Presenting Signs and Symptoms

Cardinal vs. Non-Specific Symptoms

One of the ways to distinguish bipolar disorder from other more common childhood psychiatric disorders is to focus on the cardinal symptoms of bipolar disorder rather than more generic symptoms of mental illness (see Sidebar 1). In a large trial of youth with bipolar disorder and attention-deficit/ hyperactivity disorder (ADHD), Geller and colleagues examined the symptoms that differentiated bipolar disorder from ADHD.11 What the group noted is that the five primary bipolar symptoms — elation, grandiosity, flight of ideas/racing thoughts, decreased need for sleep, and hypersexuality — are mania-specific and do not overlap with ADHD. Four other symptoms are not present any more frequently in bipolar youth than in those with ADHD, including irritability, hyperactivity, accelerated speech, and distractibility.11

Sidebar 1.

Preschool“A” was a 5-year-old boy brought in by his parents for evaluation of pediatric bipolar disorder with irritable and silly moods for the last 4 months. He had the worst case of terrible 2’s and 3’s ever seen by his experienced pediatrician and veteran pre-K teacher. He was admitted for safety as he had left the home at 2 a.m. because he wanted to go to an amusement park and ride the Ferris wheel. In the hospital, he tried to recreate the Sistine Chapel drawings on the ceiling of the quiet room, because he was a talented artist. Family history was significant for BPI in maternal uncle, grandfather. and great aunt. Mother had BPII, and father had MDD.School Age“B” was an 11-year-old girl who had been treated for a depressive episode characterized by low mood, crying, weight loss, and worries she was going to die because she was a bad girl and God was angry with her. She had been treated with cognitive behavioral therapy and recovered after 6 months of treatment back to her usual self. At the start of the next school year, she began staying up late, she started giggling over everything, she was in trouble with teachers at school for talking out of turn, and she started wearing garish makeup and tube tops to school. She told the principal he was stupid and needed to be fired and thought she was ready to win a Grammy for her singing career. Family history was significant only for alcohol abuse in paternal grandfather.Adolescent“C” was a 17-year-old boy who had been treated for an episode of major depression in the fall. He had successful resolution of his symptoms with an SSRI and tapered off the medication over winter break. He had stopped doing his homework and was failing most of his classes. Despite his bad grades, he was not worried because school was “optional” and his teachers all loved him because he was “charismatic.” Once his mother was asleep, he would sneak out, take the car and either drive to his girlfriend’s house for a liaison, go to a strip club for entertainment, or go out partying with his friends. His therapist and mother were both worried about the dramatic change in his behavior. On the unit, he told staff he was able to drive without a license, because he had played driving video games and he was certain to be a lawyer and a professional football player the day after he graduated from high school despite never playing any sports inside or outside of school. Family history was significant for major depression in mother and a completed suicide in his paternal great grandfather.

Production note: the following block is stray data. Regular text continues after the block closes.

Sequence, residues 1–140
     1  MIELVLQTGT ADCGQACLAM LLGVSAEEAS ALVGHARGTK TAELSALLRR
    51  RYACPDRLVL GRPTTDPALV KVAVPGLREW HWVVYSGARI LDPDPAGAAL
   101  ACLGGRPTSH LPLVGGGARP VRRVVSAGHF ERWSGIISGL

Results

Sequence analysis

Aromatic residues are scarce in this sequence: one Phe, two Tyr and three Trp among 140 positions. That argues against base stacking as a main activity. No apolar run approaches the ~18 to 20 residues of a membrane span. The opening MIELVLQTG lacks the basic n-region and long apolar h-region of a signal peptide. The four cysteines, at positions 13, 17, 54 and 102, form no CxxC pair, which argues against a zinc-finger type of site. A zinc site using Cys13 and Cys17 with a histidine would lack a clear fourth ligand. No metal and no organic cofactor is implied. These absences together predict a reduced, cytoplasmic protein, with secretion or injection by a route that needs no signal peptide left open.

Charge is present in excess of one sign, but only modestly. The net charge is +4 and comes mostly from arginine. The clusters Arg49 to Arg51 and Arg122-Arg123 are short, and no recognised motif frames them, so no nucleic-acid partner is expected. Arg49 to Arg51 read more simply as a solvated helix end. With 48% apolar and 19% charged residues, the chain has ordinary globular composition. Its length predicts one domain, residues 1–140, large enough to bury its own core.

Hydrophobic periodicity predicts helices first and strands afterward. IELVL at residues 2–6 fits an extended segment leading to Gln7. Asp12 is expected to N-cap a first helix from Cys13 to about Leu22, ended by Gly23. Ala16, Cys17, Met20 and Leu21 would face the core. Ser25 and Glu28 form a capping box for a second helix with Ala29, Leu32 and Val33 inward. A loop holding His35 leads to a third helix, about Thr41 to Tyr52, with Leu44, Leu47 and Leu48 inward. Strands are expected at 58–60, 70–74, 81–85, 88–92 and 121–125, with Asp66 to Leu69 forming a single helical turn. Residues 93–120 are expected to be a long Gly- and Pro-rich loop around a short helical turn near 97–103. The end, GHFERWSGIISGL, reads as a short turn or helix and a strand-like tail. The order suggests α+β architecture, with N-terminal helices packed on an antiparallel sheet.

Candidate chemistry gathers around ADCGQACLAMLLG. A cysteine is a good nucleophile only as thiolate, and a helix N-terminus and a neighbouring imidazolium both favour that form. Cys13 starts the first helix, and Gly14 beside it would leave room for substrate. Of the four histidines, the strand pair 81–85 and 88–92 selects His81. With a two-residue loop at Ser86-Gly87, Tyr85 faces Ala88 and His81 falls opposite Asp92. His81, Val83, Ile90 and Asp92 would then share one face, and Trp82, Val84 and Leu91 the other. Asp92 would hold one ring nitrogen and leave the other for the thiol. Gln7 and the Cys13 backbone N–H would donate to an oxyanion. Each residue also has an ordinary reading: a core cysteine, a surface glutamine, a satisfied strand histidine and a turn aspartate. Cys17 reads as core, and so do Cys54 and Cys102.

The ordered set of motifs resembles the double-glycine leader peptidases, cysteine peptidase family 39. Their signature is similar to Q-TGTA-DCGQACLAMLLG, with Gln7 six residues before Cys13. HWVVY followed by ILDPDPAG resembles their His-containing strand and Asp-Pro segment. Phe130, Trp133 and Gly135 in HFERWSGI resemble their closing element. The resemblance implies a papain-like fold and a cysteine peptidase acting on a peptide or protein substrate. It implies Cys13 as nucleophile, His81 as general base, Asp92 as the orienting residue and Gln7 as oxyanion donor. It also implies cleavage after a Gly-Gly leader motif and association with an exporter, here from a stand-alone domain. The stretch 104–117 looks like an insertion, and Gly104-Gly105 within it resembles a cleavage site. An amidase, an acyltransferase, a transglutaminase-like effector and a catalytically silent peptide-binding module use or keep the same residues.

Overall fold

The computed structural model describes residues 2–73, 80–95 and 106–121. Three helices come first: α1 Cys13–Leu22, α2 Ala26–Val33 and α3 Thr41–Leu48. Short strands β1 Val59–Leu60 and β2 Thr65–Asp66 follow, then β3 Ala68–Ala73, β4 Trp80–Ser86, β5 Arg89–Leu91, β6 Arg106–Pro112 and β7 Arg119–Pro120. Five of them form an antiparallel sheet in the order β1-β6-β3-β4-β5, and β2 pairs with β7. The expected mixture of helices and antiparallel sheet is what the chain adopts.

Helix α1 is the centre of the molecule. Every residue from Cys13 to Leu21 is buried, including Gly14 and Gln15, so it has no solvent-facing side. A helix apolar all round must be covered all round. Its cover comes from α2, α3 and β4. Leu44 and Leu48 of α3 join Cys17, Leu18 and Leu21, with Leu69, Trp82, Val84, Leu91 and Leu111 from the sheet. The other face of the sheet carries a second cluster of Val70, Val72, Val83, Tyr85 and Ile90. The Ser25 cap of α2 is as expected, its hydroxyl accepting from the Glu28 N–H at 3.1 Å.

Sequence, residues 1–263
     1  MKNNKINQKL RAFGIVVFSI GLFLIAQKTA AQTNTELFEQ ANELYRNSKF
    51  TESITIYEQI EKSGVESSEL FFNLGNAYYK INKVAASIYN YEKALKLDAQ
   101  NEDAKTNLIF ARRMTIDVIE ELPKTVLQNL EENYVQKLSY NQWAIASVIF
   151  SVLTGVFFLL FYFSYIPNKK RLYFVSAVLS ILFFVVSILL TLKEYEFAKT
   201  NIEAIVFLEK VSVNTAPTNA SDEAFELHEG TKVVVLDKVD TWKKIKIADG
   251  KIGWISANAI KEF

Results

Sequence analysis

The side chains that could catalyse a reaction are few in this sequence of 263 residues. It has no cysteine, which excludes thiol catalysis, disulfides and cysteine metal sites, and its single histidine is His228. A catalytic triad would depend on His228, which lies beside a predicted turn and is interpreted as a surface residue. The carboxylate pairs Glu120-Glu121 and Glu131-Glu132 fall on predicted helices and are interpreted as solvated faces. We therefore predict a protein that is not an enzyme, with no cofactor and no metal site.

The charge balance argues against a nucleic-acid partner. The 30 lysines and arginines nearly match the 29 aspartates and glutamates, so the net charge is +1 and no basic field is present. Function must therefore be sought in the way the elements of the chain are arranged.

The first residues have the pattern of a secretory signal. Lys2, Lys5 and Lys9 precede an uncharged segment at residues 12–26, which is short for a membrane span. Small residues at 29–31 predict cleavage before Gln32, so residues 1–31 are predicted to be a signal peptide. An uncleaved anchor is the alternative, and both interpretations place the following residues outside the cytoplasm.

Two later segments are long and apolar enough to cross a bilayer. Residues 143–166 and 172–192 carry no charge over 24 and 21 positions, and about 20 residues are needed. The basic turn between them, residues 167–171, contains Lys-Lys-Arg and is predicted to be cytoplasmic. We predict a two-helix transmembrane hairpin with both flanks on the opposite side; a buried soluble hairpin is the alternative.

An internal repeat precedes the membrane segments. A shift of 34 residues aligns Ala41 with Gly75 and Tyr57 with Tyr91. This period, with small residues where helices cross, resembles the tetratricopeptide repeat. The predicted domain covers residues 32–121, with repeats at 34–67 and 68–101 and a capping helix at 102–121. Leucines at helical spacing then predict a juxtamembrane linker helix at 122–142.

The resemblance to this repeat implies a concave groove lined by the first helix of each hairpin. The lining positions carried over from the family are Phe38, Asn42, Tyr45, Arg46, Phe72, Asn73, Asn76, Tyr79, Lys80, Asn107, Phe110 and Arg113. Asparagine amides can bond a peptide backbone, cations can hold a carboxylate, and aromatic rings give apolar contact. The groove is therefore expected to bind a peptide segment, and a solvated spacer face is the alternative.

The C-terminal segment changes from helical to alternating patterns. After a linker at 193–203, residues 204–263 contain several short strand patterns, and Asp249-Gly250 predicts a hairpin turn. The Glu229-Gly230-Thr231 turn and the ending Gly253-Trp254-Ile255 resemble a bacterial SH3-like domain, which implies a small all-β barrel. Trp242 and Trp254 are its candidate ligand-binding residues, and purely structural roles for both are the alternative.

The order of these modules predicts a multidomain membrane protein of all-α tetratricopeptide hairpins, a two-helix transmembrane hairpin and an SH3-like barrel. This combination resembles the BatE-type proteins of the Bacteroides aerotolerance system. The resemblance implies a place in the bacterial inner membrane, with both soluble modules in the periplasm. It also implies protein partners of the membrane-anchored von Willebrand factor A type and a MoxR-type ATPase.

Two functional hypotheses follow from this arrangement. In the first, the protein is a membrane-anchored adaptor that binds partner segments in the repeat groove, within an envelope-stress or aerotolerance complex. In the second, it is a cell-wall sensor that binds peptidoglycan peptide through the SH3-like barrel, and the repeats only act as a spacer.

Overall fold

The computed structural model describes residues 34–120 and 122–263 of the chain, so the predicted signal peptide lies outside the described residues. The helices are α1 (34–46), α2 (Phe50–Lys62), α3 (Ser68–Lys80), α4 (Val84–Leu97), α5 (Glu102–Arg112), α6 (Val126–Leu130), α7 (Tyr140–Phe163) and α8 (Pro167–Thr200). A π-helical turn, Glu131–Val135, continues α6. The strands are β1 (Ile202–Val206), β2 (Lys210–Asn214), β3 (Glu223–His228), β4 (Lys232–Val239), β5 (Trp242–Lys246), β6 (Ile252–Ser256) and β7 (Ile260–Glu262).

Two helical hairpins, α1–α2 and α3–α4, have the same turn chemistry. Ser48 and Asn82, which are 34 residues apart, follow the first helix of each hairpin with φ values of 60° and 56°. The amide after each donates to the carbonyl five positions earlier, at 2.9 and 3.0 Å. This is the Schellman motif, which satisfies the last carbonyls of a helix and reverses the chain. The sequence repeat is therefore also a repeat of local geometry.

Age-Specific Presentations

For each child whose chief complaint is mood swings, the clinician must evaluate the mood in the context of the child’s normal development and pre-existing behavior and mood (Sidebar 2, see page 482). While children commonly experience happiness, children with bipolar disorder have levels of good mood beyond the normal excitement over summer vacation or a trip to the amusement park. Children with euphoric moods can burst out laughing for no reason, and may be labile, alternating “goofy” moods with dysphoria and agitation.

Sidebar 2.

Cardinal Symptoms (BPD)
  • Elation
  • Grandiosity
  • Flight of ideas/racing thoughts
  • Decreased need for sleep
  • Hypersexuality
Nonspecific Symptoms (BPD and ADHD)
  • Irritability
  • Hyperactivity
  • Pressured speech
  • Distractibility

Adolescents are more likely to have euphoria and elation with paranoid and grandiose delusions and hallucinations. These must be viewed in the context of a child’s developmental and chronological age to differentiate developmentally appropriate imagination and fantasy from pathological symptoms. Since bipolar episodes in many children and adolescents are often missed early, patients tend to present for clinical help later, when they are more likely to experience delusions and hallucinations. They may also act as if they are above the law and beyond consequences, wondering why they should be in trouble for taking what they want and acting on their own desires.

Irritability and Rage